The Air Force plans to funnel next year’s military construction dollars toward bolstering its facilities across Europe and the Indo-Pacific, as well as preparing to bring on a new generation of nuclear weapons, officials told lawmakers Tuesday.
The Air Force and Space Force remain “committed to European [Deterrence] Initiative efforts to reassure North Atlantic Treaty Organization allies and other European partners of United States commitment to collective security and territorial integrity,” Jennifer Miller, the Air Force’s acting assistant installations boss, and Brig. Gen. William Kale, deputy chief of staff for logistics, engineering and force protection, told a House Appropriations subcommittee in written testimony.
How much the service wants in 2022 will be revealed in President Joe Biden’s full budget request, due out later this month. In 2020, the Air Force received $5.3 billion for military construction — nearly four times more than the $1.4 billion it requested in 2021, which fell in line with the usual MILCON request of around $1 billion to $2 billion.
“[The Department of the Air Force] expects the FY22 program to return to a level similar to funding requests from previous years,” Miller and Kale wrote. “This return to previous funding levels will support the [department’s] commitment to fulfilling National Defense Strategy requirements and posturing for the future high-end fight.”
U.S. military leaders are particularly concerned about European installations as the Defense Department looks to counter Russian influence in that region, and about facilities in the Pacific that would be key to outpacing China.
For example, the Air Force recently announced it would spend $152 million to continue establishing an enduring presence at 71st Air Base in Campia Turzii in Romania, which is projected to host C-5 and C-17 transport planes, MQ-9 Reaper drones and fighter jets.
Upcoming projects include a cargo pad that can support explosives, a new fuel storage facility, a command-and-control squadron facility, and more. The Air Force envisions Campia Turzii as a “rotational hub” where deployed troops and aircraft will cycle through Europe.
“The EDI program includes construction of airfield infrastructure and supporting facilities necessary to sustain the Air Force’s combat operations and surveillance missions while also increasing logistics capabilities in the theater,” Navy Capt. Scott Raymond, U.S. European Command’s Logistics Directorate chief engineer, said in a release.
In preparation for new fleets of ground- and air-launched nuclear missiles and the new B-21 bomber, USAF is laying the groundwork for an overhaul of intercontinental ballistic missile facilities and aircraft hangars. Officials praised Congress for legislative provisions it said will more easily pave the way for the Ground-Based Strategic Deterrent.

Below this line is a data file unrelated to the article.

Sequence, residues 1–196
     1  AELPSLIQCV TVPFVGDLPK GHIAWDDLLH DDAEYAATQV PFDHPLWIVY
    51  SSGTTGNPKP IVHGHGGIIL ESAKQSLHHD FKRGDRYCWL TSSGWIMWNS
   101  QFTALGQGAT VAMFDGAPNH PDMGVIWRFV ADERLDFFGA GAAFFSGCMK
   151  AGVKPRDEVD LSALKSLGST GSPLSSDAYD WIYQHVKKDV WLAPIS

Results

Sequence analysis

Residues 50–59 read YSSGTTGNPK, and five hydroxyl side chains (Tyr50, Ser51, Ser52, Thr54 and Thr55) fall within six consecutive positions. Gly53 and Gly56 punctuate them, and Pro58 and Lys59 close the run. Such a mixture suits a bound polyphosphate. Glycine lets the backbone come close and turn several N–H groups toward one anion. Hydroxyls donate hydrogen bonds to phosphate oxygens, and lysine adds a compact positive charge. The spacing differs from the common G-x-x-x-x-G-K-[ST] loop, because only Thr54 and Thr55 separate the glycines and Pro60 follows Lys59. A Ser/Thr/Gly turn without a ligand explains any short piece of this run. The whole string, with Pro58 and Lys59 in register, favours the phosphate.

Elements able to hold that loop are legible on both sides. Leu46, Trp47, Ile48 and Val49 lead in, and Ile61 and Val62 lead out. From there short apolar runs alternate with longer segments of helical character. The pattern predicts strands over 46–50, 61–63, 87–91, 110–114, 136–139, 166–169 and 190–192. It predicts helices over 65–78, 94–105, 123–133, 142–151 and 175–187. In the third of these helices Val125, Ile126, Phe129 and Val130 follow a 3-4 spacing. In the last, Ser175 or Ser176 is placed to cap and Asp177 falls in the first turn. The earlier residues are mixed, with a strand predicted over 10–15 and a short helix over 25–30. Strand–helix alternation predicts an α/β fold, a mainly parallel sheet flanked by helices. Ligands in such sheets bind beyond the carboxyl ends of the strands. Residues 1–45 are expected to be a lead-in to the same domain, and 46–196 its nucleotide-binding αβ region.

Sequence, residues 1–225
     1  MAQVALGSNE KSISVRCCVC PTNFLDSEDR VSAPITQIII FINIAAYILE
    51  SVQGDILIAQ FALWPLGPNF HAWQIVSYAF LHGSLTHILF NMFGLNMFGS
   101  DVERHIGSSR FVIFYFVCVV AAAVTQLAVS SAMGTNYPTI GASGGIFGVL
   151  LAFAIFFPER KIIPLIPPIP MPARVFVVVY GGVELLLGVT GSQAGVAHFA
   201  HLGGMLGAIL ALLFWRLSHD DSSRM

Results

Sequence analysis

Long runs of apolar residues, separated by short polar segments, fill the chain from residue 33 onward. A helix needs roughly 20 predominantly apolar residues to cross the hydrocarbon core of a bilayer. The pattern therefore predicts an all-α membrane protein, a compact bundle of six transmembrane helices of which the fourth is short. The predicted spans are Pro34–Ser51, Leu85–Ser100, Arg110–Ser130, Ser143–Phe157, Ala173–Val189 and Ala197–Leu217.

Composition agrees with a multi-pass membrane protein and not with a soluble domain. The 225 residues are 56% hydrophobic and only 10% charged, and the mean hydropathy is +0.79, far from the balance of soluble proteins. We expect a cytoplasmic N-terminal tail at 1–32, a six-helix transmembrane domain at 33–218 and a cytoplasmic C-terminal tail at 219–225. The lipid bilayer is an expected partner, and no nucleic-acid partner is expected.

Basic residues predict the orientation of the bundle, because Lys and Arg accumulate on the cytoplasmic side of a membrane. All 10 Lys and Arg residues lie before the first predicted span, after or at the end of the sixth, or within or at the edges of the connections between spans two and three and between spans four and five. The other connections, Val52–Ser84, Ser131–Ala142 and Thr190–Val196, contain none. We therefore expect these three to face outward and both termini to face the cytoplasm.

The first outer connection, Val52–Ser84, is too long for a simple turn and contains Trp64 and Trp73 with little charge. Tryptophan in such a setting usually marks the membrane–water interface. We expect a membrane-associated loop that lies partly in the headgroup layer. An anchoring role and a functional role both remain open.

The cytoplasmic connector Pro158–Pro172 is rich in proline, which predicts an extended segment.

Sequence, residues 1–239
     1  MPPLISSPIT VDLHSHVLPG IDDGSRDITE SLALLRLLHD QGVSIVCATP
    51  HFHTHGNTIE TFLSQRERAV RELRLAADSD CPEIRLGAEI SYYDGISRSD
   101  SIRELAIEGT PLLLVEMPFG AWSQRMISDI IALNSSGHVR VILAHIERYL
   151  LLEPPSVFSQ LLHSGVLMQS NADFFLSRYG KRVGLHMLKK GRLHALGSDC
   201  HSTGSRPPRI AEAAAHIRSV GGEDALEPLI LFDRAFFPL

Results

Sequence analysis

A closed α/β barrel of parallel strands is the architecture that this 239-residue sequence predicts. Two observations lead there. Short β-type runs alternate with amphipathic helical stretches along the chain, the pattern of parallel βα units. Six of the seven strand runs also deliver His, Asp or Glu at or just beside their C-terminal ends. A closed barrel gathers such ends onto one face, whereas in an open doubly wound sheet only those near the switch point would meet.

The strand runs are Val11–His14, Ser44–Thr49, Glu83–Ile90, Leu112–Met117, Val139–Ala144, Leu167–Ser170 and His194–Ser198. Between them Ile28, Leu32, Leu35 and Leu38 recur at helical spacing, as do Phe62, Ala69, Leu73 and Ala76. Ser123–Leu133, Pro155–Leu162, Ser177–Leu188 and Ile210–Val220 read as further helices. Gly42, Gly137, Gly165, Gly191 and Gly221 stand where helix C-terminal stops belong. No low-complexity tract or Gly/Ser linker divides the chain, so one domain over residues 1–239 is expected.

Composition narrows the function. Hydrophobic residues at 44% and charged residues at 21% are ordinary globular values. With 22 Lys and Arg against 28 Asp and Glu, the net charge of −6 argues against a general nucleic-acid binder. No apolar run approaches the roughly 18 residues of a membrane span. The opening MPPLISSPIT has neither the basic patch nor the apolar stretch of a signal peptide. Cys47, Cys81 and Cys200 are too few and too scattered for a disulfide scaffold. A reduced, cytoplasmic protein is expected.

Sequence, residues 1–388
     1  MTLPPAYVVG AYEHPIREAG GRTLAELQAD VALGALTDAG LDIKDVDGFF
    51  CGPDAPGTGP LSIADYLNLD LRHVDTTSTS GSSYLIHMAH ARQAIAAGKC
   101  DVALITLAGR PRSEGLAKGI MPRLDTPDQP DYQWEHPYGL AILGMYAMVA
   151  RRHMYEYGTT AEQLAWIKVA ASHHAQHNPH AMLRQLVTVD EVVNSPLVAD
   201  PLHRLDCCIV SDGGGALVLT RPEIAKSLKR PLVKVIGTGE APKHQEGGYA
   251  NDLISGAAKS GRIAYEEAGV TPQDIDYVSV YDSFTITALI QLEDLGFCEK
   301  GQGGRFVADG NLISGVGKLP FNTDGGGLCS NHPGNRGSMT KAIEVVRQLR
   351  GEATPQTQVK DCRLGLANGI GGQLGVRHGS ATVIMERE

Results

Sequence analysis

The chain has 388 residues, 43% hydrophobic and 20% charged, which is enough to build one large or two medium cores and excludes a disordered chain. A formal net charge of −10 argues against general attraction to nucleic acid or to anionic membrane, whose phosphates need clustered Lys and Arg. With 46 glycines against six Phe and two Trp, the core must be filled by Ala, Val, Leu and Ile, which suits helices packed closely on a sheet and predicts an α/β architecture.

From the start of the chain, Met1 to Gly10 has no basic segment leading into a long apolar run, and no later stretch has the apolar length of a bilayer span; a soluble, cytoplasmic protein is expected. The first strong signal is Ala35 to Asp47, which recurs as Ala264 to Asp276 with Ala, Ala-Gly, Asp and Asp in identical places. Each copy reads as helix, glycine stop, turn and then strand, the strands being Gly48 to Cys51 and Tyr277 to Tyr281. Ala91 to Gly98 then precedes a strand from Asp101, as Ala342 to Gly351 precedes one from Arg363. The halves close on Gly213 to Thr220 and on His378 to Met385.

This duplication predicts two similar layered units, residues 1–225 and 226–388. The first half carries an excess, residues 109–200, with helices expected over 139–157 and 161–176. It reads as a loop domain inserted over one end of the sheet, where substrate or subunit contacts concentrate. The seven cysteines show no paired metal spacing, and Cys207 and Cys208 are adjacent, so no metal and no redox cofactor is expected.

Some of those priorities will require tradeoffs in other regions. The Air Force pointed to Okinawa, Japan, where it faces high construction costs for the more than 7,800 military family homes it manages.
Miller and Kale suggested cancelling projects the service no longer needs to pay for buildings in Japan, particularly those rendered unnecessary by changes in the Pentagon’s posture across Europe.
“The DAF continues to focus investment in the Okinawa housing inventory to provide adequate housing for all service members and their families residing on the island,” they wrote.
In separate testimony written for the same hearing, Chief Master Sergeant of the Air Force JoAnne Bass and Chief Master Sergeant of the Space Force Roger Towberman noted that almost 20 percent — or 2,900 of the 15,273 homes controlled by the Air Force — fall short of the Pentagon’s housing condition standards. They expect that figure to rise to 28 percent by 2026.
The Air Force already faces a backlog of deferred facility repairs costing more than $30 billion. In 2019, it said it planned to demolish 5 percent of nonessential facilities rather than bear the cost to restore them. Natural disasters, most notably Hurricane Michael in 2018, have consistently added to the price tag of needed fixes over the past few years.
Some lawmakers are skeptical that the service is taking its massive infrastructure needs seriously enough or are asking to fund the right priorities, citing problems patched by duct tape and coat hangers. Panel chairwoman Rep. Debbie Wasserman Schultz, D-Florida, said about one-third of Air Force facilities are rated as poor or failing.
“If you’ve got a rundown place … why aren’t you asking to fix it?” Rep. John Carter, R-Texas, added. “If those bases are of no importance to the Air Force, then maybe we ought to have a [base realignment and closure] and save some money.”
Rachel Cohen joined Air Force Times as senior reporter in March 2021. Her work has appeared in Air Force Magazine, Inside Defense, Inside Health Policy, the Frederick News-Post (Md.), the Washington Post, and others.